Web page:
Rated of 5
I wanted to like Blue Shoe, because I have read two other books by Lamott, and admire her for her faith and her struggles in life. What I didn't like about Mattie in Blue Shoe was her inability to feel any empathy toward Pauline. She was able to put herself in others' shoes on several occasions, and modify her harsh impulses toward a kinder attitude, but that never happened with Pauline. Pauline's depressions and her fat ass seemed grounds to condemn her.
I also thought that Ella, Mattie's little girl, was just about the most appalling tot that has ever walked the pages of a novel, with the possible exception of Roy in John Updike's Rabbit at Rest. The way she kept playing with her navel, then nibbling her wrist, then biting her nails made me want to smack her. Possibly Lamott, as the creator of this novel, wanted the reader to react that way, and to realize, eventually, that Ella is a child of God like everyone else and deserving of love and compasssion.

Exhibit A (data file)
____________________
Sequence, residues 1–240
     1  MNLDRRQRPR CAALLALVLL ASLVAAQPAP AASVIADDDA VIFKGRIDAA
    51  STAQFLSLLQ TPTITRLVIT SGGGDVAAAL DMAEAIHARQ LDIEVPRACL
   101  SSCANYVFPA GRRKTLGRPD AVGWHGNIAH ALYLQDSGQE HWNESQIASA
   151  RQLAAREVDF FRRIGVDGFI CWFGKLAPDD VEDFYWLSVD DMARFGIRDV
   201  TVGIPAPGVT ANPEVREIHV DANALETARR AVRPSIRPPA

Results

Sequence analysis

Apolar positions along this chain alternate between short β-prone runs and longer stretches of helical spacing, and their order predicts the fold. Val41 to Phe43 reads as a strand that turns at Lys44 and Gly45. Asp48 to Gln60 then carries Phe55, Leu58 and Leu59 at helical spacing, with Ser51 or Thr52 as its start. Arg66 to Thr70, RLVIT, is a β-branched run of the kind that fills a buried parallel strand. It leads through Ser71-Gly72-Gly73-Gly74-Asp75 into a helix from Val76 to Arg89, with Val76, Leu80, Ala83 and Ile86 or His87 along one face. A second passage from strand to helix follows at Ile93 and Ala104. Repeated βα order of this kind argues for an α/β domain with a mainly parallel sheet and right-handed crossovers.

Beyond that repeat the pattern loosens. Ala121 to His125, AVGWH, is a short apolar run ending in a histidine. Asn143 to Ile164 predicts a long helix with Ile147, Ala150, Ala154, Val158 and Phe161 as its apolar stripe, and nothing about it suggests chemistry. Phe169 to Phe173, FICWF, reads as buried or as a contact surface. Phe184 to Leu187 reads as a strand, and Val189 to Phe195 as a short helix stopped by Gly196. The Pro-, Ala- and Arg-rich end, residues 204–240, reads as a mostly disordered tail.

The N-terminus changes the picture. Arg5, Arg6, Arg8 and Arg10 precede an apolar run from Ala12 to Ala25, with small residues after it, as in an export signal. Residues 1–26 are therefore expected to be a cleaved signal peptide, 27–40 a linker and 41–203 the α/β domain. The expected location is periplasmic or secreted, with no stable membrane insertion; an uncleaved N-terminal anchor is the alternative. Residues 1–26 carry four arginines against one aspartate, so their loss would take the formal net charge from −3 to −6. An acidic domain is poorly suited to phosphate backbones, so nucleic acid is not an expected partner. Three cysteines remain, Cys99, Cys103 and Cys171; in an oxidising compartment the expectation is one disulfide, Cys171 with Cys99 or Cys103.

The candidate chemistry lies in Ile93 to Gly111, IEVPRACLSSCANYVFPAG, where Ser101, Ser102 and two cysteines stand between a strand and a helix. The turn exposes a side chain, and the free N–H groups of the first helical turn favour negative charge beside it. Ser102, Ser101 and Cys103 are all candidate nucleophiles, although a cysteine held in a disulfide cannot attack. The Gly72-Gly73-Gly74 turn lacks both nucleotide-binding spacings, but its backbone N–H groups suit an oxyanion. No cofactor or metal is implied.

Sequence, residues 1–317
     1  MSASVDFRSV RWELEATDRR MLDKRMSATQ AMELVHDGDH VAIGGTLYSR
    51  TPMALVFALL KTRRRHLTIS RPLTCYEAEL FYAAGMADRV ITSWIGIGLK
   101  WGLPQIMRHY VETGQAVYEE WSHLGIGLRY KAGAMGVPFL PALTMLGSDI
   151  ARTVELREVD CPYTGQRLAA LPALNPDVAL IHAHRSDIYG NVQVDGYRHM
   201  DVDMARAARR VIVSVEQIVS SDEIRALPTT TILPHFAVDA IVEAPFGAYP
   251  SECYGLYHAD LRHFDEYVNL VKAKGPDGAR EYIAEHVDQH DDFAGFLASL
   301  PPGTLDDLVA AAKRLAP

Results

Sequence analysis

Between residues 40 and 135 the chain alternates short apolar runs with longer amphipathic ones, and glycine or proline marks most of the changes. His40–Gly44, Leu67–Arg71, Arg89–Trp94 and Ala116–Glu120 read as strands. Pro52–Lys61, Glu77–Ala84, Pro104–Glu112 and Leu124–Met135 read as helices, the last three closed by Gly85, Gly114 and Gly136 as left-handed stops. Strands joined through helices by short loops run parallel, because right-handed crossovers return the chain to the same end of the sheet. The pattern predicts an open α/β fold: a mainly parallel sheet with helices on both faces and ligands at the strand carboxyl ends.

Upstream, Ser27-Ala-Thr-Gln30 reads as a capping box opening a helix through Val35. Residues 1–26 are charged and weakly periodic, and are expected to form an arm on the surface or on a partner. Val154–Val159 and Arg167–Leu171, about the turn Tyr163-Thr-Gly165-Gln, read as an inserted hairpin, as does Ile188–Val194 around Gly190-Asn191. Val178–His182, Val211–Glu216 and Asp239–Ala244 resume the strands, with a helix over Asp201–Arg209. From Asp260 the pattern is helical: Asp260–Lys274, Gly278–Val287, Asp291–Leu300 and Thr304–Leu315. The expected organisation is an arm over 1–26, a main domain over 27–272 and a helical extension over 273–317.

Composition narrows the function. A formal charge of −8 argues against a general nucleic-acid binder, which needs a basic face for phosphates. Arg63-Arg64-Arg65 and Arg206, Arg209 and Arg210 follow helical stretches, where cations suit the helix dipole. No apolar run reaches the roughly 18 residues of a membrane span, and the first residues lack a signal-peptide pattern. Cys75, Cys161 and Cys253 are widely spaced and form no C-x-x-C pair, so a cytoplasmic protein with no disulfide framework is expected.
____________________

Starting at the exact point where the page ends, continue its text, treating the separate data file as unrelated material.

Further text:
Robert Funke, one of the Jesus seminar scholars, wrote an article on The Good Samaritan story, interpreting it as a story that suggests that help comes from the most unexpected places, and that God's mercy and goodness pops up from unusual sources when you least expect it. (He suggests that quite a few of the parables have that message.) I think the Blue Shoe is a talisman, a reminder of the unexpectedness of God, but because so many of the characters in Blue Shoe were unlikeable, the message that Lamott seems to be conveying was not as effective as it might have been.